She showed me the book of her translations that had come out the previous year – things that she earnestly desired never to appear in any collection of her own work. She referred to this book as ‘animals’ to distinguish it from her own last collection, The Flight of Time, which she called ‘people’. She picked up the first volume of the US edition of Mandelstam and looked at the concluding words of my Introduction, which came from something she had said to me in Komarovo four years earlier, words that I had quoted exactly, though in 1964 it had not been possible to name her as the source: ‘Don’t worry if you don’t have everything of Mandelstam. If we were speaking of some small poet, there would be good reason to fear that you might never find everything. But we are speaking of Osip Emilievich Mandelstam. He is one of the greatest poets of our time. Everything, absolutely everything – the poems, the prose, the letters – every single thing will be published.’
As she read my English words she translated them, nodding her approval, back into her Russian (an experience the equal of which I do not expect to meet in this life). Here her voice faltered and her head sank slightly over the book. I feared she might be weeping or that a spell of weakness had come over her, and made as if to leave, but she recovered and asked me, with what seemed great sincerity, to stay another half-hour. I reminded her of an exchange we’d had in London. Then I had said something about being afraid to overtire her. ‘Just you try,’ she had said, suddenly taking on the manner of a sturdy Soviet girl in a patriotic film, ‘you won’t manage it!’ Now, she said, it was far from impossible.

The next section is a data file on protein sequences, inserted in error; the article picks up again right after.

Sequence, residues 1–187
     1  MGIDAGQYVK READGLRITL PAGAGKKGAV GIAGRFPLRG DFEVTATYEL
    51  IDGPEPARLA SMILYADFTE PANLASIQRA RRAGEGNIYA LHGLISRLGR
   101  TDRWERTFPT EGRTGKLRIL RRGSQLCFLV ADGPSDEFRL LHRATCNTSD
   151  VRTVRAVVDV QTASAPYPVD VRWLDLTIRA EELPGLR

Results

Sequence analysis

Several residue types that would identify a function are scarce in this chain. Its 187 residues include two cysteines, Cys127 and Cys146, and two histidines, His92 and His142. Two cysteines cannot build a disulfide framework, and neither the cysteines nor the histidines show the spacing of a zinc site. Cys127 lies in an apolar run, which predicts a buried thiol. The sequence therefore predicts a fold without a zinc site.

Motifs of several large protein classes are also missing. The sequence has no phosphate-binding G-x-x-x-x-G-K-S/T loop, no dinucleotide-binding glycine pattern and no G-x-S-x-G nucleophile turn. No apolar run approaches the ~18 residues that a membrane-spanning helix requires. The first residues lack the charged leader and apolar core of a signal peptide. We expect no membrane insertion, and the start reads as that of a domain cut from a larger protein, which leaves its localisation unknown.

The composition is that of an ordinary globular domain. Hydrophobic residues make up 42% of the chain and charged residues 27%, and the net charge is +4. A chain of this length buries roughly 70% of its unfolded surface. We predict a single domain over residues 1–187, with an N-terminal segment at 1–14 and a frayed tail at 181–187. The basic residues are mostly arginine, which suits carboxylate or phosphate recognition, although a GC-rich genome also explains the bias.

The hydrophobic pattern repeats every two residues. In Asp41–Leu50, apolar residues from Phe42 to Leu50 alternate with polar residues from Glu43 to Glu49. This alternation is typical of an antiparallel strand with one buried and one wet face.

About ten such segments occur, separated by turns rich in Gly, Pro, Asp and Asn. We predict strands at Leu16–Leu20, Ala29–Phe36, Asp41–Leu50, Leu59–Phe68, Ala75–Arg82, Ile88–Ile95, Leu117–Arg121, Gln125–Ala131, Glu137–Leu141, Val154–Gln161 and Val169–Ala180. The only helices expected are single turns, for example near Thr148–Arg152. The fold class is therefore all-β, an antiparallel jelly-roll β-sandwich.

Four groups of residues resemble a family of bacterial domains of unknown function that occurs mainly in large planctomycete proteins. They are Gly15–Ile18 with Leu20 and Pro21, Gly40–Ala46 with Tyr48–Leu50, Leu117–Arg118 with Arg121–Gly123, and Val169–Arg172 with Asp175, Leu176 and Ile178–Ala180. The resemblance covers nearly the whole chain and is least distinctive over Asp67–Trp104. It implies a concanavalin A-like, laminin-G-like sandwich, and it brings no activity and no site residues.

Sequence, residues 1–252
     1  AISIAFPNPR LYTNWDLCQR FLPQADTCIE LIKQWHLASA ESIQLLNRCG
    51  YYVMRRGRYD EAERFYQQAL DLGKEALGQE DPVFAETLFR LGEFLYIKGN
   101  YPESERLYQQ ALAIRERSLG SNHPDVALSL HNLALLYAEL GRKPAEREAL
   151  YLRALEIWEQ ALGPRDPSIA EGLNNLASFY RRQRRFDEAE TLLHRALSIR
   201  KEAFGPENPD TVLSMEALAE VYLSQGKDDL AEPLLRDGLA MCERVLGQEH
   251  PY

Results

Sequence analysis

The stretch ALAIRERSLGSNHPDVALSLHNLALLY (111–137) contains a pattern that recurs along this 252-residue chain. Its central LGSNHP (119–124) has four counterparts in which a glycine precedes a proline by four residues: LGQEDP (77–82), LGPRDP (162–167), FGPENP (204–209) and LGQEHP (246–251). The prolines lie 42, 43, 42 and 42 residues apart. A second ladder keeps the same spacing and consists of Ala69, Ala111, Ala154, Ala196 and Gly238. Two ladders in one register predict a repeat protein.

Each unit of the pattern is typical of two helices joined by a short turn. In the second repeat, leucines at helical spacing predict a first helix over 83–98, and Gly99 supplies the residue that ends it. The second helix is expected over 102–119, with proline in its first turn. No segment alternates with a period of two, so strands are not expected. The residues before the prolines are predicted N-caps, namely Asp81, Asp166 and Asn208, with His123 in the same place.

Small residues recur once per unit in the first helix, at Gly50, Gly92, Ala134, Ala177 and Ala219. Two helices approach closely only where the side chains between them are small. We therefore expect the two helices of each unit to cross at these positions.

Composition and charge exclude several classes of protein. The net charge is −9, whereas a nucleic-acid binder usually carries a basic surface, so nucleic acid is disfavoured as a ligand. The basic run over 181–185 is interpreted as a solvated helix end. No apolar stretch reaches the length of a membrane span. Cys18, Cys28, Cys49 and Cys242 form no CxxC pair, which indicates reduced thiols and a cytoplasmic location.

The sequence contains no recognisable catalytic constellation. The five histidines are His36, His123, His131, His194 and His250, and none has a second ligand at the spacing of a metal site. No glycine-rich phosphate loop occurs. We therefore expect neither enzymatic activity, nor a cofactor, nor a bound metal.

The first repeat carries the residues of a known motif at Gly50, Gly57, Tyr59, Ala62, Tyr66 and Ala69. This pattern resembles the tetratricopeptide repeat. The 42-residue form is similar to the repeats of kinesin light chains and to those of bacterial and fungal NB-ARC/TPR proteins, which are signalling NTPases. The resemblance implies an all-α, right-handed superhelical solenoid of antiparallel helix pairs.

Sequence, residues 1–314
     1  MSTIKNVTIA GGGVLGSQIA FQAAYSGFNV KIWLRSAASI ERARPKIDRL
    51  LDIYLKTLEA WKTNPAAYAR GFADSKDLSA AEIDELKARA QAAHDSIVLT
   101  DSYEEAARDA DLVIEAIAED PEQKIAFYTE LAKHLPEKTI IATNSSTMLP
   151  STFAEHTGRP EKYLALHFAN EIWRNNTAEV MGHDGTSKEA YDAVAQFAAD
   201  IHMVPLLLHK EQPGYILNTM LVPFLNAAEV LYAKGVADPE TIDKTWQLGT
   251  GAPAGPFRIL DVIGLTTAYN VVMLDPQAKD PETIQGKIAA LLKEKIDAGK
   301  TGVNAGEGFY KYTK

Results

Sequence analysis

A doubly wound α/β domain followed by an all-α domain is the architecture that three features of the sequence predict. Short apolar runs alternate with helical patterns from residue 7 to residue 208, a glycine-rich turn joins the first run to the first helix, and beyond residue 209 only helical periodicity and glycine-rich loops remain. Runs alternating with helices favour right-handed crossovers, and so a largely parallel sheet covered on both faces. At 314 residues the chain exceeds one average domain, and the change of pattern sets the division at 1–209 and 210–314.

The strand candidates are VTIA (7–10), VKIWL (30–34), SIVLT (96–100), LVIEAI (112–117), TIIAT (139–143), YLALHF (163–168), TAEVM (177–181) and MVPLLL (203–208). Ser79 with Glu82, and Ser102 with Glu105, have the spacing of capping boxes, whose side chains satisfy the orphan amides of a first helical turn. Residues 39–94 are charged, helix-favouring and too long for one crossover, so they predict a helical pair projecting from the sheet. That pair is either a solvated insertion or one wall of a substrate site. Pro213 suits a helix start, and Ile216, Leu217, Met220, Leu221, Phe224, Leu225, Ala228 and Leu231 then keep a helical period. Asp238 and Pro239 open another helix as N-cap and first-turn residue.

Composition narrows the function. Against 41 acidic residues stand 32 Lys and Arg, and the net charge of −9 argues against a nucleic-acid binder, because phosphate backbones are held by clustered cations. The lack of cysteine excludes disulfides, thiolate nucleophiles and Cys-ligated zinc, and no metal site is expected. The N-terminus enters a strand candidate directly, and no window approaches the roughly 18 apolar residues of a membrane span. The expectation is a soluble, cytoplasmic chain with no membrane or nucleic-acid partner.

The next morning she was taken by cab to the sanatorium in Domodedovo, some sixty kilometres from Moscow. The temperature had risen somewhat but the thoroughfares were still clogged with wet snow and mounds of old ice. Nadezhda told me that Akhmatova had not wanted to go. On the way the taxi broke down and she’d had to be transferred to another. On the morning of 5 March, just after a cardiogram had been taken, she had the last attack, and sank gradually, talking and fully conscious to the end.